Jean-Louis Trintignant: French new wave legend who became a global star
Jean-Louis Trintignant, who has died aged 91, was a star of French new wave cinema and burst onto the international scene in the 1966 film Un Homme et Une Femme (A Man and a Woman).
He played a racing driver who found new love with a widow, played by Anouk Aimee, following the suicide of his wife. Their sensitive performances, alongside director Claude Lelouch’s visually stunning imagery and Francis Lai’s sentimental music, helped it to win two Oscars and the Cannes Film Festival’s top prize, the Palme d’Or.
But Trintignant insisted he preferred his hairpin racing turns in Monte Carlo to the love scenes with Aimee, which he found embarrassing because she was a friend of his second wife, director Nadine Marquand.
Ten years earlier, Trintignant’s career in France had taken off with Et Dieu... Crea la Femme (And God Created Woman) when he took the role of the uncool Michel, who beats his brother, in the lush surroundings of Saint-Tropez, to the hand in marriage of Brigitte Bardot’s free-spirited young woman but finds she continues to bestow her favours on other men.
The film made a star – and sex symbol – of Bardot, and Trintignant had a much-publicised affair with her that signalled the end of his first marriage, to Stephane Audran. After the success of A Man and a Woman, one of the new wave’s leading directors, Claude Chabrol, brought an added interest to the menage a trois story Les Biches (1968) by casting Trintignant alongside Audran, by then his own wife. He played an architect drawn into a relationship between Jacqueline Sassard’s poor student and Audran’s rich older woman.
Romance was traded for edge-of-your-seat drama when Costa-Gavras directed him in Z (1969) as a tenacious prosecutor investigating the death of Yves Montand’s politician – based on the real-life story of a Greek pacifist’s assassination. Trintignant’s performance won him Cannes’ Best Actor award.
He then reversed roles and played the assassin – taking orders from the fascist government in pre-Second World War Italy – when director Bernardo Bertolucci cast him in another political thriller The Conformist (1970).
But the actor noted for his innate shyness turned down an offer from Bertolucci to star in Last Tango in Paris (1972), leaving Marlon Brando to navigate the controversial film.
Trintignant returned to both the romance and dramatic heights of his early films in the 2012 Oscar- and Bafta-winning heartbreaker Amour. Austrian director Michael Haneke persuaded him to come out of screen retirement to play the retired piano teacher caring for his wife (Emmanuelle Riva) as her health slowly deteriorates, a moving performance that switches between love and frustration.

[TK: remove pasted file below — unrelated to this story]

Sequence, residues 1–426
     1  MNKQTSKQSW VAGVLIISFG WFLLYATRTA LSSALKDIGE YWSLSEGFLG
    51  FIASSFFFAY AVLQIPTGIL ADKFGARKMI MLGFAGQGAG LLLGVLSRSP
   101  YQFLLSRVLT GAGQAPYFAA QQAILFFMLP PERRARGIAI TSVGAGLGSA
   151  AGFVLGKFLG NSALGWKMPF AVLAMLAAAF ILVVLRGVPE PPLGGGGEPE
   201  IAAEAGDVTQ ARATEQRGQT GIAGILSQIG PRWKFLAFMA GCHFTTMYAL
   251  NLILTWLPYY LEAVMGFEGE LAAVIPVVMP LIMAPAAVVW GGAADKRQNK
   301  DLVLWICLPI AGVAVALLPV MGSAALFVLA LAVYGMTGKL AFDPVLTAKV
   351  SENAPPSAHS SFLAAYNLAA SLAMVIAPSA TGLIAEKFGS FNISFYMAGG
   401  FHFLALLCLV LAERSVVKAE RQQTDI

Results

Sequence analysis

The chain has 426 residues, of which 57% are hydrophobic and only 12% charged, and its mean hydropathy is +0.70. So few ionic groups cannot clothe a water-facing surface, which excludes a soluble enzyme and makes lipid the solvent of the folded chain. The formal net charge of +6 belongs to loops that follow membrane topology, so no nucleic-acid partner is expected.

Jean-Louis Xavier Trintignant was born in the Piolenc commune of Vaucluse, in the south of France, to Claire and Raoul Trintignant.
Like his character in A Man and a Woman, two of Trintignant’s uncles, Maurice and Louis, were professional racing drivers, while the actor himself took to the wheel for fun as a rally driver. He left law school in Aix-en-Provence after a year when he became stage-struck after seeing a theatre production of Moliere’s comedy The Miser and moved to Paris to study acting at the national film school IDHEC – Institute for Advanced Cinematographic Studies.
Stage roles came his way and, in 1955, he made his film debut in Si Tous les Gars du Monde (titled Race for Life internationally), playing a radio operator receiving signals from a distressed fishing boat crew dying of food poisoning.
He survived his affair with Bardot not only by trooping off for national service for two years but, on his return, being cast in a new wave version of Les Liaisons Dangereuses (1959) as charming music teacher Danceny.
Trintignant was reunited with Aimee and Lelouch for the film sequels Un Homme et Une Femme: 20 Ans Deja (A Man and a Woman: 20 Years Later, 1986) and 2019’s Les Plus Belles Annees d’Une Vie (The Best Years of a Life), with Trintignant ailing in a care home and Aimee running a shop.
His other significant film roles included Simone Signoret’s lover in the Costa-Gavras-directed detective thriller Compartiment Tueurs (The Sleeping Car Murders, 1965), a drug smuggler in Trans-Europ-Express (1966) and a devout Catholic engineer resisting the advances of an alluring widow in Eric Rohmer’s Ma Nuit Chez Maud (My Night With Maud, 1969) while keeping himself for a woman he is certain he will marry but has never met.
Trintignant turned down roles in Close Encounters of the Third Kind (1977) and Apocalypse Now (1979) after moving back to the south of France to live in a medieval house in Uzes. Becoming more of a recluse himself, he only occasionally stepped out of his rural lifestyle when he was tempted by parts such as a reclusive judge in Red (1994), the last in Polish director Krzysztof Kieslowski’s Three Colours trilogy.
Later, Haneke brought him out of retirement again for Happy End (2017) to revive his Amour character, now suffering from dementia and determined to end his own life.
His autobiography, Du Côté d’Uzès, was published in 2012.
Trintignant’s first two marriages, to Audran (1954-56) and Marquand (1960-76), both ended in divorce. He is survived by his third wife, Marianne Hoepfner, an endurance driver whom he married in 2000, and Vincent, the son from his second marriage. He and Marquand’s other children, Pauline and Marie, predeceased him.
Jean-Louis Trintignant, actor, born 11 December 1930, died 17 June 2022